Tuesday, August 31, 2004

McCAIN THROWS BUSH A LIFE-PRESERVER. Rudy Giuliani spoke to the delegates. John McCain spoke to the country. That's why - despite the gushing you hear over Giuliani's funny, serious, nasty, and at times eloquent speech last night - McCain actually did Bush more good, and got a leg up on his New York rival in (God help us) the 2008 presidential campaign.

I can't find it online this morning, but I'm pretty sure it was Fox News nitwit Morton Kondracke who called McCain's speech "self-serving" in comparison to Giuliani's. What Kondracke liked about Rudy was the way he slashed at Kerry. Later, Kondracke amended his remarks to allow that, well, McCain did offer a rationale with the war in Iraq, and that was useful to Bush.

Well, duh. In fact, McCain - who'd wanted to go to war with Iraq for years - put forth a far more effective argument than George W. Bush has ever managed to muster. If Bush can figure out a way to incorporate McCain's case into his own stump speech, he'll be a lot better off. McCain was wrong, but he was wrong in a way that was so much more palatable than Bush. Here's the heart of what McCain said:

The years of keeping Saddam in a box were coming to a close. The international consensus that he be kept isolated and unarmed had eroded to the point that many critics of military action had decided the time had come again to do business with Saddam, despite his near daily attacks on our pilots, and his refusal, until his last day in power, to allow the unrestricted inspection of his arsenal. Our choice wasn't between a benign status quo and the bloodshed of war.

It was between war and a graver threat. Don't let anyone tell you otherwise. Not our critics abroad. Not our political opponents.

He followed that immediately with his memorable attack on Michael Moore.

Now, of course, there is much in McCain's assessment with which to disagree. He failed to mention that Mohamed ElBaradei, director-general of the International Atomic Energy Agency, had already concluded that Saddam Hussein did not have nukes. McCain also left out the fact that UN weapons inspectors were swarming around Iraq, and that they actually had to leave so that Bush could commence bombing. And, of course, there is the matter of Bush's giving the finger to the world rather than building a genuine international coalition - a tragic mistake given the horrors that are taking place in Iraq today.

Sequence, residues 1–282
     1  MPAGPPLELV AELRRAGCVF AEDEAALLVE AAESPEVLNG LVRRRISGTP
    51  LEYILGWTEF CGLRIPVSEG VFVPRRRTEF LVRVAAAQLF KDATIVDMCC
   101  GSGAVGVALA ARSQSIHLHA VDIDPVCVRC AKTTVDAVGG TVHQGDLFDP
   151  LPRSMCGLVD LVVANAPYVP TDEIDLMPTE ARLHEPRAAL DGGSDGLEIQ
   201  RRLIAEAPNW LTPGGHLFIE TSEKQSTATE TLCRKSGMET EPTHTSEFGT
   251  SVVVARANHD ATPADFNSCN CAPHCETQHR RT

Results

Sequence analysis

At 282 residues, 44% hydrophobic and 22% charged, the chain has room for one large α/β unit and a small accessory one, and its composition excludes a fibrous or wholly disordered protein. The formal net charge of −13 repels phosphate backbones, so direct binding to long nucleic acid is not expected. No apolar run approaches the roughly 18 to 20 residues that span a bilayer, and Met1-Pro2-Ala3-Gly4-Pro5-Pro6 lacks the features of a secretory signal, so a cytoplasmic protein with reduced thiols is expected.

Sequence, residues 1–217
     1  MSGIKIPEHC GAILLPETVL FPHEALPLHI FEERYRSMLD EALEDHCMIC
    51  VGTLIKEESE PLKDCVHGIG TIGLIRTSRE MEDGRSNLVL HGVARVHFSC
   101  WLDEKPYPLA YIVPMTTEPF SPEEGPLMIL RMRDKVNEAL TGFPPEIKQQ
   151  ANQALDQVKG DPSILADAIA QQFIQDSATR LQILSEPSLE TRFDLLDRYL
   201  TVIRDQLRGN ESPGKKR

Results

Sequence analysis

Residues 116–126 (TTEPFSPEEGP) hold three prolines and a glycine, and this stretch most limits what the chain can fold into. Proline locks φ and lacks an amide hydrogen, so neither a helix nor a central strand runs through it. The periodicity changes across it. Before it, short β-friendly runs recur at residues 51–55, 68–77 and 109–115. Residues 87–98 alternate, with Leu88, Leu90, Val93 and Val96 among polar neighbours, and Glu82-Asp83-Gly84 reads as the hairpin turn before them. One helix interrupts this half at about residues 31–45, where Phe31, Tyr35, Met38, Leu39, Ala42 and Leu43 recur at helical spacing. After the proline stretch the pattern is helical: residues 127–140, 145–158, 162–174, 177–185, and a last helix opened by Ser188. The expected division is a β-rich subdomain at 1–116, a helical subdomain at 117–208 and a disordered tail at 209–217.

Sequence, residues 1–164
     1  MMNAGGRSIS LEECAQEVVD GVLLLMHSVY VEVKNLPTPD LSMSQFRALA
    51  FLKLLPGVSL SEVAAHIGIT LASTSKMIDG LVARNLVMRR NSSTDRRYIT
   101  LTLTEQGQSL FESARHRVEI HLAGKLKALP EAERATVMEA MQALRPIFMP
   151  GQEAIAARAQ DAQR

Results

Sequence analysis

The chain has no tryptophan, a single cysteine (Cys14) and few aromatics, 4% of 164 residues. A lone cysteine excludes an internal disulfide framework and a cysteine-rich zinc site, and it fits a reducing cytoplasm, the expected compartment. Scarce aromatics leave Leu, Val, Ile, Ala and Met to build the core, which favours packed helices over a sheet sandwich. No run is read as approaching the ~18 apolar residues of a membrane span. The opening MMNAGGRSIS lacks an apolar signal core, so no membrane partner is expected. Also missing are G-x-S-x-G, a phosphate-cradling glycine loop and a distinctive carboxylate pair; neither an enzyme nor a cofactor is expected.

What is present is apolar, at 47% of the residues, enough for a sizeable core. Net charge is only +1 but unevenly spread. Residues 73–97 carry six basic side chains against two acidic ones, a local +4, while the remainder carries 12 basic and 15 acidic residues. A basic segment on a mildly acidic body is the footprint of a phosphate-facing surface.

Still, McCain was right when he argued that sanctions had pretty much run their course, and that something had to be done. (After all, that's why John Kerry voted to grant war-authorization powers to Bush.) It's just that the "something" Bush chose has turned out to be a widely predicted disaster.

As for McCain's failure to rip into Kerry, a failure that Kondracke found so distasteful - well, everyone who follows politics knows that McCain likes and respects Kerry on a personal level and detests Bush. (The depth of McCain's distaste for the lying Swiftie ads is revealed in this R.W. Apple piece today.) Would anyone have found it even remotely credible if McCain had suddenly gone after Kerry as a flip-flopping weasel?

Rather than coming off as a Republican partisan, McCain projected an image as a truly independent politician who's chosen a man he dislikes over one he likes strictly as a matter of principle. Just as Giuliani thanked God for Bush, Bush ought to thank God for McCain. If McCain managed to help himself in the process, well, what of it?

THE REST OF THE STORY. It's not online, unfortunately, but there's a hilarious omission in today's Boston Globe. The "Names" column includes a photo of Vanessa and Alexandra Kerry with this caption:

POP AND POLITICS - Vanessa (left) and Alexandra Kerry ask for quiet while urging the crowd to vote this fall at the MTV Video Music Awards Sunday in Miami.

The discerning will note that the reason they were asking quiet was that they were getting booed (and cheered) by the crowd.

"HOPE NOT FEAR." You can watch the Log Cabin Republicans' 30-second commercial here. Pretty slick move, drafting Ronald Reagan: I'm not sure he'd agree, but he's not going to complain. Rudy Giuliani and John McCain appear in a positive context, too.

I also like the narrator talking about "the politics of intolerance and fear that only lead to hate" while images of Pat Buchanan, Jerry Falwell, and Rick "Man on Dog" Santorum flash by on the screen.

JUST ANOTHER WORKING HACK. Here is Michael Moore's debut column on the RNC for USA Today.

1 comment:

Anonymous said...

One thing non-New Yorkers don't realize about Rudy Giuliani is this: On Sept. 10, 2001, Rudy's political career was dead in the water. He'd carried on a open and long-running extramarital affair that had alienated conservatives who backed him; he'd butted heads with numerous officials in his own administration, including Police Commissioner William Bratton, and alienated them; his harsh and combative style had alienated many less conservative New Yorkers who had nonetheless supported his efforts to reduce crime; he spent two years trying every possible subtrefuge to weaken or eliminate term limits rules so that he could run for mayor again; and of course Wall Street had never forgiven him for his often contemptuous handling of Wall Street scandals when he was a federal prosecutor. I'm not trying to denigrate his performance in the wake of 9/11, which really was outstanding. But only one day before the attacks occurred, he was virtually washed up politically. Now people look at him as presidential timber in 2008. Talk about ironic!